Unit vector field and gradient

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  • #1
-EquinoX-
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Homework Statement



http://img245.imageshack.us/img245/2353/87006064.th.jpg [Broken]

I need to find the unit vector in the direction of [tex] \vec{F} [/tex] at the point (1, 2, -2).

Homework Equations





The Attempt at a Solution



well first of all I need to find what F is right, which is gradf.. how can I get that?? what is the level surface of f? is it a sphere?
 
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Answers and Replies

  • #2
CFDFEAGURU
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The grad (del operator) by itself is simply the derivative taken in 3 directions, x,y,z for your problem.
 
  • #3
dx
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grad f for a function which depends only on r = √(x² + y² + z²) always points radially, and has a magnitude ∂f/∂r.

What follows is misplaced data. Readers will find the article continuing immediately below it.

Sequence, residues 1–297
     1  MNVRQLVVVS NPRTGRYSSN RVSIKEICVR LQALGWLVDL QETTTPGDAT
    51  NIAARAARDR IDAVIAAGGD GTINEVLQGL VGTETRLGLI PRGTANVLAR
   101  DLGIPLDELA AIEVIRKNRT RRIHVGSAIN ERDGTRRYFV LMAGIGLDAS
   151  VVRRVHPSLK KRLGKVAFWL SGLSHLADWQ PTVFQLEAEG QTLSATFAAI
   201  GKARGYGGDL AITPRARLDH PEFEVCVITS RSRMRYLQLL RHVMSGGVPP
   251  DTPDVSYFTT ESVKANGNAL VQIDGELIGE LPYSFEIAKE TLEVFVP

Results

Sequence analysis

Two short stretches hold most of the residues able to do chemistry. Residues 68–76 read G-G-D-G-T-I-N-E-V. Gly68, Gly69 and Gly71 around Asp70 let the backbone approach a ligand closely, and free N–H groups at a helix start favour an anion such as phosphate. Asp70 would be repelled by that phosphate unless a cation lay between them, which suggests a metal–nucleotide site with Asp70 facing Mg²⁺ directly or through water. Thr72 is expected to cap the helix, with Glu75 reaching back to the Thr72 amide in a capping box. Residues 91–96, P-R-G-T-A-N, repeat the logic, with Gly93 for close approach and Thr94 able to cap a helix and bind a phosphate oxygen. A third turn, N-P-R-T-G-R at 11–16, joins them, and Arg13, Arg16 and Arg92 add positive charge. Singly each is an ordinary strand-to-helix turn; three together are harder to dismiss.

To see why, use the chain rule. For example ∂f/∂x = (∂f/∂r)(∂r/∂x) = (∂f/∂r)(x/r).

Also, √(1² + 2² + (-2)²) = 3, and you already know ∂f/∂r at r = 3.
 
  • #4
-EquinoX-
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is the g'(4) there for a reason?
 
  • #5
dx
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What was the question? I think you missed some words in your post. Unit vector in the direction of what?
 
  • #6
-EquinoX-
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I just corrected the question
 
  • #7
dx
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Ok, g'(4) is not required.